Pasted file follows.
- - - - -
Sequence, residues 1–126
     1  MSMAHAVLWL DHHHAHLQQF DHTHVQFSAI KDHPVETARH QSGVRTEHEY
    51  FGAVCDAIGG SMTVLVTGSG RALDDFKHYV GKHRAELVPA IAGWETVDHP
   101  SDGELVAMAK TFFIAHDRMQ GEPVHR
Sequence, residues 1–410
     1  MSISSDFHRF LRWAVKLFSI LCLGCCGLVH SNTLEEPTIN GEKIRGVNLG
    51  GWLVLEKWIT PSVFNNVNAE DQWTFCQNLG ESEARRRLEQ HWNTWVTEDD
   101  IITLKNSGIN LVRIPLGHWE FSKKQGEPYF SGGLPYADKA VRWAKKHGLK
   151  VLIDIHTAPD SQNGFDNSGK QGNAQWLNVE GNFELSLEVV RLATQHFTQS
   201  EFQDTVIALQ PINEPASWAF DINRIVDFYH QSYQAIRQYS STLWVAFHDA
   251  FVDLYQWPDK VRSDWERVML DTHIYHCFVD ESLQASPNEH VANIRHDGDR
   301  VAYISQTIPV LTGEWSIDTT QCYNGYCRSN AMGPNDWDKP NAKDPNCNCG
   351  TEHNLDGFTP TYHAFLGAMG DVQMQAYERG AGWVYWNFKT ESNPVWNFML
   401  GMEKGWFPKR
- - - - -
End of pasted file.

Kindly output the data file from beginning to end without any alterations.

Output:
Sequence, residues 1–126
     1  MSMAHAVLWL DHHHAHLQQF DHTHVQFSAI KDHPVETARH QSGVRTEHEY
    51  FGAVCDAIGG SMTVLVTGSG RALDDFKHYV GKHRAELVPA IAGWETVDHP
   101  SDGELVAMAK TFFIAHDRMQ GEPVHR
Sequence, residues 1–410
     1  MSISSDFHRF LRWAVKLFSI LCLGCCGLVH SNTLEEPTIN GEKIRGVNLG
    51  GWLVLEKWIT PSVFNNVNAE DQWTFCQNLG ESEARRRLEQ HWNTWVTEDD
   101  IITLKNSGIN LVRIPLGHWE FSKKQGEPYF SGGLPYADKA VRWAKKHGLK
   151  VLIDIHTAPD SQNGFDNSGK QGNAQWLNVE GNFELSLEVV RLATQHFTQS
   201  EFQDTVIALQ PINEPASWAF DINRIVDFYH QSYQAIRQYS STLWVAFHDA
   251  FVDLYQWPDK VRSDWERVML DTHIYHCFVD ESLQASPNEH VANIRHDGDR
   301  VAYISQTIPV LTGEWSIDTT QCYNGYCRSN AMGPNDWDKP NAKDPNCNCG
   351  TEHNLDGFTP TYHAFLGAMG DVQMQAYERG AGWVYWNFKT ESNPVWNFML
   401  GMEKGWFPKR